McGuffey Reader and Poetry

THE TIGER

tiger
1. The tiger is a giant cat. His body is nearly covered with black stripes.

2. Unlike the lion, he runs so fast that the swiftest horse can not overtake him. He goes over the ground by making bounds or springs, one after another.

3. By night, as well as by day, the tiger watches for his prey. With a frightful roar, he will seize a man, and carry him off.

4. Have you ever thought what use whiskers are to cats? Lions have great whiskers, and so have tigers and all other animals of the cat kind.

5. Whenever you find an animal with whiskers like the cat’s, you may be sure that animal steals softly among branches and thick bushes.

6. By the slightest touch on the tiger’s whiskers, he knows when there is anything in his road.

7. A few years ago, some English officers went out to hunt. When coming home from their day’s sport, they found a little tiger kitten.

8. They took it with them and tied it, with a collar and chain, to the pole of their tent. It played about, to the delight of all who saw it.

9. One evening, just as it was growing dark, they heard a sound that frightened them greatly. It was the roar of a tiger.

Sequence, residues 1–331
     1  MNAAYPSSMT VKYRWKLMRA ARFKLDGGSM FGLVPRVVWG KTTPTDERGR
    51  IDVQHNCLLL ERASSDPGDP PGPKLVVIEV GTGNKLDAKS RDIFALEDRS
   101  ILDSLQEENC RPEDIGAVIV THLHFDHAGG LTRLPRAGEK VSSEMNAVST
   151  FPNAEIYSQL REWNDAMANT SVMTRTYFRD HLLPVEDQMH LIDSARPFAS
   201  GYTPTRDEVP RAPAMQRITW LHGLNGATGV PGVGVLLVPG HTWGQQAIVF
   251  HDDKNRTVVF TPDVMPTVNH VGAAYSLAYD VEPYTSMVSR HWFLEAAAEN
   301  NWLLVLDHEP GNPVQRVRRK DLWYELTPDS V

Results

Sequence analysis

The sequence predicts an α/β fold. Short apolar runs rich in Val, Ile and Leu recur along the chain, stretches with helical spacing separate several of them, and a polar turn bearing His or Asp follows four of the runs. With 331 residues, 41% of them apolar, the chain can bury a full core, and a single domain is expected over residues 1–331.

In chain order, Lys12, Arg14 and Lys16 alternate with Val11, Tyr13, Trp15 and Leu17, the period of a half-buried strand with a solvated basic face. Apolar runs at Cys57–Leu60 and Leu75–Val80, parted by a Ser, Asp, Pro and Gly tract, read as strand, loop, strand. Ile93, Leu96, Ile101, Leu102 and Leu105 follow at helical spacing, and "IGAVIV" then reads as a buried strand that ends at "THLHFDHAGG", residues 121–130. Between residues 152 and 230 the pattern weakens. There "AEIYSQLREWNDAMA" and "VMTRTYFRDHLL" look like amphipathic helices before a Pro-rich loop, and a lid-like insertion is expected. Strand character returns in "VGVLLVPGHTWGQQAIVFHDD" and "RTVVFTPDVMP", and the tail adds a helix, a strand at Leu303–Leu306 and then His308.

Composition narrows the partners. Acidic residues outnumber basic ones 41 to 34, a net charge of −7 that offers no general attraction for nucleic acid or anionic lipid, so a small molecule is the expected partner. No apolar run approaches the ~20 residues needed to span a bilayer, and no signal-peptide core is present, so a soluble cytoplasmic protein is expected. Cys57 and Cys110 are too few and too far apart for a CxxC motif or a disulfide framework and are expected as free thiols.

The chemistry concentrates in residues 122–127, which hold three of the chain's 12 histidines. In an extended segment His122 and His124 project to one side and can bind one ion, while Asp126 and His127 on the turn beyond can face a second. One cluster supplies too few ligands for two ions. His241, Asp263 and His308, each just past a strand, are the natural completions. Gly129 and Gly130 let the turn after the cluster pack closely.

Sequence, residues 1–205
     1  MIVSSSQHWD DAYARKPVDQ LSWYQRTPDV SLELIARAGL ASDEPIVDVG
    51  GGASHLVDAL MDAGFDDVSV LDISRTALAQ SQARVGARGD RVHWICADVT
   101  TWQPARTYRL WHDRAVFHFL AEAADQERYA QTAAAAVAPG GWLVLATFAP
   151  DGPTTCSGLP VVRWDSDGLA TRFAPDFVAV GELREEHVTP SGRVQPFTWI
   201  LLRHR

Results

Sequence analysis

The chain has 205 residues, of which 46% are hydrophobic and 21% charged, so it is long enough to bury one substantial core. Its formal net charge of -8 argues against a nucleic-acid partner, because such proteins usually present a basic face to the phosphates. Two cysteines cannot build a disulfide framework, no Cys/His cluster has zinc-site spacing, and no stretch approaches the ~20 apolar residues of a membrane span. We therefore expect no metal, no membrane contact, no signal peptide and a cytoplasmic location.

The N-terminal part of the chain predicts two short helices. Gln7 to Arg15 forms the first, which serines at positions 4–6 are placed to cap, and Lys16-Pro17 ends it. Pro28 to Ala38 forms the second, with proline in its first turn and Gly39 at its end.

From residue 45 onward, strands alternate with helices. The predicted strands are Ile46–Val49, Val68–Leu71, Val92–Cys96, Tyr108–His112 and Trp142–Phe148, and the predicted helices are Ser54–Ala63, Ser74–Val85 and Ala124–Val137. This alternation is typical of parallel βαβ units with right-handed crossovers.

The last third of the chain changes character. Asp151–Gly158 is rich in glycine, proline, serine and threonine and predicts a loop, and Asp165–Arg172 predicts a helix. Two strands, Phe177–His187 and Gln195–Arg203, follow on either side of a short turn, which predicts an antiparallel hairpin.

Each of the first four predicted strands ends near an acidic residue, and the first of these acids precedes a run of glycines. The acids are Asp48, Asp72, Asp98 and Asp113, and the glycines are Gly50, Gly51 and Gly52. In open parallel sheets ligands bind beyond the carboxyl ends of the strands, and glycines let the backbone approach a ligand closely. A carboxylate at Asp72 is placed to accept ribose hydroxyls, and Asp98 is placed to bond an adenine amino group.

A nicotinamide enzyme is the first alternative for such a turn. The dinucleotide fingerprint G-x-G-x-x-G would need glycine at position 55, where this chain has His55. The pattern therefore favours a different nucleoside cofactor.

10. The kitten pulled at the chain, and tried to break away. With a sharp cry, it answered the voice outside.

11. All at once, a large tigress bounded into the middle of the tent. She caught her kitten by the neck, and broke the chain which bound it.

12. Then turning to the door of the tent, she dashed away as suddenly as she had come.

THE FIRESIDE

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1. One winter night, Mrs. Lord and her two little girls sat by a bright fire in their pleasant home. The girls were sewing, and their mother was busy at her knitting.

2. At last, Katie finished her work, and, looking up, said, “Mother, I think the fire is brighter than usual. How I love to hear it crackle!”

3. “And I was about to say,” cried Mary, “that this is a better light than we had last night.”

4. “My dears,” said their mother, “it must be that you feel happier than usual to-night. Perhaps that is the reason why you think the fire better, and the light brighter.”

5. “But, mother,” said Mary, “I do not see why we are happier now than we were then; for last night cousin Jane was here, and we played ‘Puss in the corner’ and ‘Blind man’ until we all were tired.”

6. “I know! I know why!” said Katie. “It is because we have all been doing something useful to-night. We feel happy because we have been busy.”

7. “You are right, my dear,” said their mother. “I am glad you have both learned that there may be something more pleasant than play, and, at the same time, more instructive.”

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